Right now unfortunately humanity does not possess the will to make use the technologies we have for exploration. What difference does it make if gliese is 20.5 lightyears when we aren't even willing to follow through with plans on a body 238855 miles away.
i say lets focus on traveling to near by planets like mars and our moon first before setting our sights on other solar systems and galaxies. lets keep searching for life, but the conventional way is not cutting it. we need to invent and invest in something more powerful and faster.
corrrect, do what we can with what we have now, research will continue and faster modes of transportation will be developed
We will not go anywhere as long as we limit ourselves to only thinking in the box. I agree that we should focus on our solar system right now but, limiting our use to only chemical rockets is like showing up at Indy on Memorial Day with a horse and buggy. Plasma reaction steering systems are already within our grasp and Space-Time Dimensional Compression should be studied with focus and vigor. As a retired engineer, I feel the days of Apollo were examples when we were at our best. But the days of post Shuttle are just regression back to what we were before that and not what we could be. Where is the vision of Jack Kennedy when we need it? Where is the genius of Einstein when we need it? Where is the interest of youth when we need it? We gave you the moon. Now it's your turn. Come on, you are out there. Step forth and grasp for the brass ring.
Well, we'll probably want to study this for at least another 200 yrs, the weather could get a lot better or worse. Sounds like we could start our first prison colony there.
On another note, if there's already intelligent life there, we're screwed, thanks to Bebo's (owned by AOL BTW) ill-advised 2008 high powered radio blasts of a collection of user submitted "teeniebopper web 2.0 content". If we don't get there first, you can bet they'll be sending an attack fleet in 17 about years.
If I could afford to go back to school to get a Science Degree and get a space profession I would...it's too bad that I don't have the money...money runs the world...lovely...
@Katie: Justin Beiber will be the end of us all!
If you never look, you will never see.
If you never step, you will never walk.
If you never ask, you will never learn.
If you never hear, you will never know.
We are but one grain of sand. There are more stars and planets in the heavens than grains of sand on the whole planet. Think about that next time you look up.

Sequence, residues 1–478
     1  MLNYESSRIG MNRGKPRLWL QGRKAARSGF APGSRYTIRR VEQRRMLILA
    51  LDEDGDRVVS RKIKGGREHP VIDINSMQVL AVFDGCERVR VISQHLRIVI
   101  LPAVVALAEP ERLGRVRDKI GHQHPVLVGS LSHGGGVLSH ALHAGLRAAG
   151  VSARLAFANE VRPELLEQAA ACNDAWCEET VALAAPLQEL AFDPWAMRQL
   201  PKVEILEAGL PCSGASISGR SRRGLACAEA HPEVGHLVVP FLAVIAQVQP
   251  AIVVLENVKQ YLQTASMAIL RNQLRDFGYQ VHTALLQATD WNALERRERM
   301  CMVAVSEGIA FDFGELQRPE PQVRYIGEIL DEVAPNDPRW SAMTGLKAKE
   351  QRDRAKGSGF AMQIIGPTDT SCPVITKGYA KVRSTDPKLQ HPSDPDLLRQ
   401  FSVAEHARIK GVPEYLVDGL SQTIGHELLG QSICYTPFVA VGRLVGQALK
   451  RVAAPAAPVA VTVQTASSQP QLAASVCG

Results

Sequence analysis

Playing Devil's Advocate since 1978
"The only constant in the universe is change"
-Heraclitus of Ephesus 535 BC - 475 BC
Well the things is...after the success of the einstein experiment, whereby two satellites have finally proven beyond a shadow of a doubt that space-time does indeed bend around an object with high gravity.
Long distance(by long I mean multiple light years) space travel then, is merely an energy problem. If we can harness enough energy and then focus it to first contract and then inflate space-time then we can shorten distances that seem beyond our reach today.
I think if humanity focused on just the energy problem, we would solve all of our other problems. Environment, water shortage, food shortage, space travel, peace.
so im thinking the energy crisis will at some point move to mining the moon and end somewhere using binary neutron star system. stick a magnet in that puppy and you got yourself move energy than you know what to do with. of course get it back using some sort of quantum energy teleportation bullshit.
i love this stuff... its just awesome
Man when I here about this I feel like Im ready to run through the streets naked in happiness. Hopefully we build some spaceship faster than anything we have here so we can make it there no matter how long it might take, a suicide mission in some ways but hey Im tired of having the no purpose arguments with theists, if we find that there is life somewhere else the whole religion thing will finnaly stop slowing down society. Its a real shame that science books have to have stamps on them saying their just "theories" Im very disappointed in the U.S the whole foundation of this nation is based on education, so it really pisses me off.
Not to be a pompous jerk, but the article has a fairly obvious typo.
"The red dwarf Gliese 581, one of our own solar system’s closest neighboring stars and a regular point of exoplanetary interest, can finally claim the title of owning the first confirmed potentially-habitable expolanet."
Check the last word in the first sentence of the first paragraph.